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Can You Sue For Head Injuries If You Weren’t Wearing A Motorcycle Helmet?

Posted May 1, 2024 | Personal Injury Blog

Head Injuries

While riding a motorcycle can be an exhilarating experience, it also comes with significant risks. In 2022, the National Safety Council reported that motorcyclists made up 14.6 percent of all traffic fatalities and 3.5 percent of all injuries. This report named helmet use as a significant factor directly impacting motorcycle fatality trends. 

Wearing a properly fitted, DOT-approved motorcycle helmet is one of the most effective ways to protect yourself on the road. However, not everyone wears a helmet.

If you suffer a serious head injury while not wearing a helmet, you may be wondering whether you can still pursue legal action against the at-fault party. Let’s take a closer look at this question and discuss the options available to you.

Helmet Laws and Liability

In the United States, helmet use laws vary from state to state. Some, like California and New York, have universal helmet laws requiring all motorcycle riders and passengers to wear approved helmets. Other states, like Utah and Texas, have partial helmet laws in place.

The legal requirements in Utah and Texas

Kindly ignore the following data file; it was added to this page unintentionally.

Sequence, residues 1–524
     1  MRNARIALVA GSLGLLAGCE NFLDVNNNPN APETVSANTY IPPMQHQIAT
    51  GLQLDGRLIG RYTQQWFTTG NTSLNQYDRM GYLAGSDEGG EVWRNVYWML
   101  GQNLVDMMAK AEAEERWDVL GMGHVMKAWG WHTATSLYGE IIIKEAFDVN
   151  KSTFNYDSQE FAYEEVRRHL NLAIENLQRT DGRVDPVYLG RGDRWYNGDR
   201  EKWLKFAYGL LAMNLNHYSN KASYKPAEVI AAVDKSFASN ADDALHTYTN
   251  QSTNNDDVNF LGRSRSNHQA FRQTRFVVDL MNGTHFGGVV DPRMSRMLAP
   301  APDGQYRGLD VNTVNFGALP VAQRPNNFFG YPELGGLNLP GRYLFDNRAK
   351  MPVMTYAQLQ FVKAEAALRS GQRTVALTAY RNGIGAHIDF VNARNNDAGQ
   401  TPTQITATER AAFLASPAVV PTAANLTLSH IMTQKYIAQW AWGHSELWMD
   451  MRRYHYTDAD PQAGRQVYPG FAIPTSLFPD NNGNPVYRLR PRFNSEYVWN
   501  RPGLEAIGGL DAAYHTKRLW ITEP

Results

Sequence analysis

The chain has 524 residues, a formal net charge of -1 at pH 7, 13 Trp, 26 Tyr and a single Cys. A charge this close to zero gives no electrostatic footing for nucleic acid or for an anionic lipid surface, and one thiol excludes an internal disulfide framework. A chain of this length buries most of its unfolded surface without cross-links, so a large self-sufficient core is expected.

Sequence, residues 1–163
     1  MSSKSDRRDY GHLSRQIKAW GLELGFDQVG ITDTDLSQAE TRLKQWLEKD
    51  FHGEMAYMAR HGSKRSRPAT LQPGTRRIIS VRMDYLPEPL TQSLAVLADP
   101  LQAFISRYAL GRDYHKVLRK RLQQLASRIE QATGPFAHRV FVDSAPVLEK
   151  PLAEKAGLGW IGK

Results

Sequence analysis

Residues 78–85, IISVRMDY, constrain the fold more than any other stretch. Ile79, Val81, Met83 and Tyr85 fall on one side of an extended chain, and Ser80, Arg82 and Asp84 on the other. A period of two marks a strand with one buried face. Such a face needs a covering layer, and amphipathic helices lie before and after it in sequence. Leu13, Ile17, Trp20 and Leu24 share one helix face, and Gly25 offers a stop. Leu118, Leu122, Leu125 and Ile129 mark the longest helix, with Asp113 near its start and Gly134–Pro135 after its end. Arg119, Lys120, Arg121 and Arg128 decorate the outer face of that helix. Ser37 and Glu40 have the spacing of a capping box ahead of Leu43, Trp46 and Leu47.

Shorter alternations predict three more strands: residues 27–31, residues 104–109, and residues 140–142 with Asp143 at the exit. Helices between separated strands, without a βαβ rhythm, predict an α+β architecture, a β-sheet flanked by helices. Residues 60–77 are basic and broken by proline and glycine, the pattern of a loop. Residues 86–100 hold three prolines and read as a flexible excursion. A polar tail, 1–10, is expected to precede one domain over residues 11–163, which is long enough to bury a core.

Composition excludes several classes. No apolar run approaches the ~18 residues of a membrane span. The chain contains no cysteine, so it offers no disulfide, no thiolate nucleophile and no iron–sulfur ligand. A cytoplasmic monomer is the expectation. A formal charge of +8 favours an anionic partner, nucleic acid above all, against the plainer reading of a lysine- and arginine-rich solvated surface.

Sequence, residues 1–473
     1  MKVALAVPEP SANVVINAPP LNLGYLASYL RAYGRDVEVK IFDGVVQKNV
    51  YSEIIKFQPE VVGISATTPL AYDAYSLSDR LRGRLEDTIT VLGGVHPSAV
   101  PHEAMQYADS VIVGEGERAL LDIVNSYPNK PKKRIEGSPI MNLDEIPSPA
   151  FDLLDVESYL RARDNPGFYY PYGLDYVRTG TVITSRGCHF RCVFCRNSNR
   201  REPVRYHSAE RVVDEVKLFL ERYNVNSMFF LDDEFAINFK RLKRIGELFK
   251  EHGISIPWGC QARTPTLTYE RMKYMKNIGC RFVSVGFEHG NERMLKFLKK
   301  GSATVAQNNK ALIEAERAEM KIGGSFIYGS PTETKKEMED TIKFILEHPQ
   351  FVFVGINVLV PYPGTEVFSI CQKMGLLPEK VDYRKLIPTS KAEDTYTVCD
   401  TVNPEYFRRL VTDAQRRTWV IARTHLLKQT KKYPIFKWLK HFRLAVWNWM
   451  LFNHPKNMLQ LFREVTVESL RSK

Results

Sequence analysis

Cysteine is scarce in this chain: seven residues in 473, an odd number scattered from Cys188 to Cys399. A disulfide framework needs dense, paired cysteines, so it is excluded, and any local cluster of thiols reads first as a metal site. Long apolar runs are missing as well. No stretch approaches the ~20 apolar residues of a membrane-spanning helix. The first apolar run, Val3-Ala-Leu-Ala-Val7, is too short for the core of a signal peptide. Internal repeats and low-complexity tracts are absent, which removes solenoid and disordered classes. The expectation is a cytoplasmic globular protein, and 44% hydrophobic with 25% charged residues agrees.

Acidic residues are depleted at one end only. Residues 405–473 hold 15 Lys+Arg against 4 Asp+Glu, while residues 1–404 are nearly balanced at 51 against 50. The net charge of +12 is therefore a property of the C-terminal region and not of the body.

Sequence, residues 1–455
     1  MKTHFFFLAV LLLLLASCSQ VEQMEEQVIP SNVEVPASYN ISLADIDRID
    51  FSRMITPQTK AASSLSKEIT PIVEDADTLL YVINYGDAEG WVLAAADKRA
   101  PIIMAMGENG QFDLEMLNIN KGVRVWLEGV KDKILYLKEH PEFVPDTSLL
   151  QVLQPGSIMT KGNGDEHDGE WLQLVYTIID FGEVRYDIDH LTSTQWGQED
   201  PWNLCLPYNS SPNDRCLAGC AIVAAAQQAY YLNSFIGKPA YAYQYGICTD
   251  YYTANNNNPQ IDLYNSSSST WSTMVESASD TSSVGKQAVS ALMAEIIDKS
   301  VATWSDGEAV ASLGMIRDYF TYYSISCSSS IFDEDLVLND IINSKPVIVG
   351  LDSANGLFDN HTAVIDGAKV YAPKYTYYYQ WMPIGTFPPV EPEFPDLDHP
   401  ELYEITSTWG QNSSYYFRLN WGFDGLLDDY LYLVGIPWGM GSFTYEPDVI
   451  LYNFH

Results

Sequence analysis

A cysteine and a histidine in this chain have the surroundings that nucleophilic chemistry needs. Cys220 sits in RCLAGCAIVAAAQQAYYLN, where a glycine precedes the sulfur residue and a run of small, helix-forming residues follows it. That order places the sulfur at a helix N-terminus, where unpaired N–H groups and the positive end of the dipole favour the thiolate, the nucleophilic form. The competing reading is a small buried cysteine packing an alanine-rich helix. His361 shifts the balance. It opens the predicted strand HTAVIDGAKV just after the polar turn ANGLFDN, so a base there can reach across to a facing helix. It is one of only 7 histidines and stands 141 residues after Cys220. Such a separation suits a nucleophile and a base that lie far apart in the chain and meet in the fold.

Utah’s helmet law requires all motorcycle riders under the age of 21 to wear a helmet. Riders who are 21 and older are not required to do so. 

Texas has a similar partial helmet law. In Texas, riders of 21 years of age and up are exempt from certain requirements. Riders are only exempt if they can prove they have completed a motorcycle operator training and safety course or have a medical insurance policy.

Liability in motorcycle accident cases

Proving liability is the key to receiving fair compensation. In a motorcycle accident lawsuit, the injured rider needs to prove that:

  1. The at-fault driver was negligent and caused the accident
  2. The injured victim sustained injuries and damages as a result of the accident, and;
  3. The accident was a reasonably foreseeable consequence of the at-fault driver’s negligence

It’s important to note that in Utah or Texas, failing to wear a helmet does not automatically count as contributory or comparative negligence – so you would not be blocked from pursuing an injury claim. Instead, it may be used to reduce the amount of damages they can recover, based on the principle of “comparative fault.”

Comparative Fault and Helmet Use

Most states follow a system of comparative fault in personal injury lawsuits. This means that an injured party’s compensation can be reduced depending on the percentage of fault.

Burden of proof

The burden of proving the injured party’s comparative fault typically falls on the at-fault driver. Thus, the at-fault driver must provide evidence demonstrating how the injured party’s lack of helmet use contributed to their injuries.

Factors considered by the court

In the context of a motorcycle accident where the rider was not wearing a helmet, the court will likely determine the rider’s comparative fault, considering factors such as:

  • The severity of the head injury
  • Medical evidence showing how a helmet could have prevented the injury
  • Whether the state has universal, partial, or no helmet law
  • The rider’s age and level of experience